New Delhi: With just two days left for the final assessment by the Financial Action Task Force (FATF) Plenary, it seems clear now that Pakistan will continue to remain on the grey list of the global terror financing watchdog. Islamabad has been trying hard to exit the grey list, failing which it runs the risk of getting automatically blacklisted, ThePrint has learnt.
According to FATF norms, if a country fails to meet its parameters within a prescribed time-frame, it automatically gets blacklisted.
“Pakistan is trying to get out of the grey list. They have mounted a diplomatic offensive. So far, there are not many takers and therefore they will remain under scrutiny. FATF will take a decision (on Friday) based on the progress made by Pakistan on well-defined parameters,” a top Indian official told ThePrint.
The plenary meet of the FATF began on 16 February and it will announce its final assessment on 21 February.
During the FATF’s last plenary meet in October, the Paris-based body had issued a stern warning to Pakistan to meet all the parameters. The plenary is the FATF’s highest decision-making body.
The next FATF plenary meet is scheduled in June.
‘More or less decided’ that Pakistan won’t be blacklisted
According to FATF norms, Islamabad has to completely overhaul its financial network systems to strengthen its anti-money laundering/countering the financing of terrorism regime, or AML/CFT, regime. In other words, it was asked to crack down on terror outfits like Jaish-e-Mohammed, Jamat-ud-Dawa and Lashkar-e-Taiba, among others.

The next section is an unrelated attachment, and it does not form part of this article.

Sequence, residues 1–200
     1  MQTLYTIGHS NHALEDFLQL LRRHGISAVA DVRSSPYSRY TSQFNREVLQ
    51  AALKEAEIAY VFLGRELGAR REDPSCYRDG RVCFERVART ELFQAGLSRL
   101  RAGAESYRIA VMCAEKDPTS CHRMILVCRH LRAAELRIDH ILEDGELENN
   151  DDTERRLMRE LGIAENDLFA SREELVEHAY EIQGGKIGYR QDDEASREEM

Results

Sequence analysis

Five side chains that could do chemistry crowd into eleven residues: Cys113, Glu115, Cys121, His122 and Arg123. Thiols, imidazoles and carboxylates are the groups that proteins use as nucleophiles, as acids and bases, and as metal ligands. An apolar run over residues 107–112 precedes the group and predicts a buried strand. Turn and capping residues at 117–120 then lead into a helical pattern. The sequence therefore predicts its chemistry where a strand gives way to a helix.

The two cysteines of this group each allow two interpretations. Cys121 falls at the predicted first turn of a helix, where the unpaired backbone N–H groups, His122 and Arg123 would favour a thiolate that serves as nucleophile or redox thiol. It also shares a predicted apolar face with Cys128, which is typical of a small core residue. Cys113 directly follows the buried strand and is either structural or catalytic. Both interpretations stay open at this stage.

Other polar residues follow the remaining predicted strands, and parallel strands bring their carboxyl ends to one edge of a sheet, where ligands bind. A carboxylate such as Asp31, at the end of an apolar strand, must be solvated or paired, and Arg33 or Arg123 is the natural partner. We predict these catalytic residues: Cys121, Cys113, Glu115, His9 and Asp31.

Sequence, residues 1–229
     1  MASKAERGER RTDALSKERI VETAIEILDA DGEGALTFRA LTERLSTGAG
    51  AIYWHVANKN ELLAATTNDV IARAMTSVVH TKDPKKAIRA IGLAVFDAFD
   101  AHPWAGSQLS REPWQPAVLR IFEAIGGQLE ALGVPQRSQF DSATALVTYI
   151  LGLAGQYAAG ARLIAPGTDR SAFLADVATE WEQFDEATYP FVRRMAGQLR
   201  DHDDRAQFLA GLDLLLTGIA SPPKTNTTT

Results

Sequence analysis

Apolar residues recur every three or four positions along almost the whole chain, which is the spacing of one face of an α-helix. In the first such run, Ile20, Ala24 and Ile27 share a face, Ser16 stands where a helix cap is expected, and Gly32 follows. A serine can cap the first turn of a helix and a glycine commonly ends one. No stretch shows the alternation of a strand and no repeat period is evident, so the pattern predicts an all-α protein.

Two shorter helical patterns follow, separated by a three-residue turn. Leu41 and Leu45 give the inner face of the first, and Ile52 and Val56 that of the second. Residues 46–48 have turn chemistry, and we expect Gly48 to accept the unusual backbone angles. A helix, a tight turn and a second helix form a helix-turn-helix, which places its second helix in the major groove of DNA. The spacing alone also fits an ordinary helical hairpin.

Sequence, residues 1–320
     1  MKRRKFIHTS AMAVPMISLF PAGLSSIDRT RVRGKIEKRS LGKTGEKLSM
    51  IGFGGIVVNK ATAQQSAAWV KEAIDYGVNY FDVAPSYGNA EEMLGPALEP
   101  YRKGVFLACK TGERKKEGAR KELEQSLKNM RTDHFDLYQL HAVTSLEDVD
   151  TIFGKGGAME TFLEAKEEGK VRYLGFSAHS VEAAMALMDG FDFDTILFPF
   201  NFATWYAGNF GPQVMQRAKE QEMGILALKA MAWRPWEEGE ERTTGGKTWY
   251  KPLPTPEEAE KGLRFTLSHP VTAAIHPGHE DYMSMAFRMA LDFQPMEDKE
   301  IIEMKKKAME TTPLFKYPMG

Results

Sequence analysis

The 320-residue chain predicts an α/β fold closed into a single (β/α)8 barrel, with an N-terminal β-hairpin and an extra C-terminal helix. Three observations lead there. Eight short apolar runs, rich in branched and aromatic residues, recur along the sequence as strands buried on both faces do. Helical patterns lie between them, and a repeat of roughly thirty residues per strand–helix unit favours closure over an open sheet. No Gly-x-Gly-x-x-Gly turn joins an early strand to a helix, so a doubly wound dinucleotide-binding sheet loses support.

According to another Indian official ThePrint spoke to, India has already provided adequate proof to the FATF that Islamabad continues to extend financial support to these terror outfits and that it should be blacklisted.
But it was saved at the last moment by China, Malaysia and Turkey, according to the official, who didn’t want to be identified.
The fact that Pakistan will not be blacklisted was “more or less decided” by the FATF after a report by the International Cooperation Review Group, a sub-group of the FATF, recommended against it Monday.
In January, the Asia Pacific Group, another sub-group of the FATF, had recommended giving Pakistan additional time to implement measures to control terror funding, sources said.
Blacklisting will be a big blow to Pakistan
According to the FATF norms, Pakistan has to meet 13 of the 27 parameters laid down by the watchdog to come out of the grey list. It would also need 12 votes from the 39-member groups to exit the grey list, which it has not been able to get as of now.
Blacklisting by the FATF will have serious repercussions on Pakistan’s economy.
If blacklisted, global financial institutions will not be able to lend money to Islamabad. In December 2019, the IMF had said such a move will have implications for capital inflows to Pakistan.
Last year, the IMF had approved $6 billion loan to Pakistan on tough conditions.